A basketball player gets kicked in the testicles and hundreds of news outets have to figure out how the heck to write about it: “Different outlets have different comfort levels when writing about the crotch. The New York Times, for example, threw idiomatic English out the door on first reference: ‘Exhibit A was that [Draymond] Green picked up a flagrant-1 foul — while hacked in the act of shooting — with 5 minutes 57 seconds left in the half by flailing a leg between those of Steven Adams, who wound up doubled over.'”
Eve Ewing recently released her debut poetry collection, Electric Arches, and we dubbed it one of our must-read poetry books last month. Year in Reading alum (and another Millions favorite) Kiese Laymon called her for a Guernica magazine interview and the result is a wonderful discussion on shea butter, Jordans, writing with young people as her primary audience and Assata Shakur as a literary inspiration.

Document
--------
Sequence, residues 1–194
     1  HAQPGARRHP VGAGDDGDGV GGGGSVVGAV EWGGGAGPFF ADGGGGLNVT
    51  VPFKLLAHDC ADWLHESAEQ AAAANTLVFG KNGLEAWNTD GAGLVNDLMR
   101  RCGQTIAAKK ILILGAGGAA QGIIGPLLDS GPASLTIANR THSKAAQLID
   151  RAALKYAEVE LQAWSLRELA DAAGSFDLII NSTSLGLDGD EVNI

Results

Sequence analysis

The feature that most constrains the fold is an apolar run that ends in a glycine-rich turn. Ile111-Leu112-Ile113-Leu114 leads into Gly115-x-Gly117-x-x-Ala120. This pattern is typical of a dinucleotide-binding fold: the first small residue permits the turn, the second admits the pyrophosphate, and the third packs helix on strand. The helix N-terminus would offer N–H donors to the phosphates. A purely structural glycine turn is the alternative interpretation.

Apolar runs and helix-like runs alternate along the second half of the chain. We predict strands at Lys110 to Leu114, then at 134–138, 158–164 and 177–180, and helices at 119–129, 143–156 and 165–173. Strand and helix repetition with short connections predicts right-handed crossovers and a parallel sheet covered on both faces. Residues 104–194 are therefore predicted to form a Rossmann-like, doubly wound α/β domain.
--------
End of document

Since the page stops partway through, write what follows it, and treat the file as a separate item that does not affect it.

Comics fans will know that a new Marvel storyline may -- just possibly -- reunite Peter Parker and Mary Jane Watson. This has, understandably, produced a range of reactions, not least of which is this piece by Ta-Nehisi Coates, who argues that the two embody a healthy marriage. “[Their] marriage was a rejection of the macho ideal of romance—which reigns even among nerds—and it mirrored and confirmed my own budding sense of what love was at a very young age,” he writes. You could also read Paul Morton on the character of Peter Parker.
There are many things you could call William S. Burroughs, who was born a hundred years ago this month, but Will Self prefers to call him “the original junkie,” a title which reflects the author’s hedonistic background and the strangeness of books like Naked Lunch. Self takes a close look at Burroughs’s novel-cum-memoir, Junky, in The Guardian.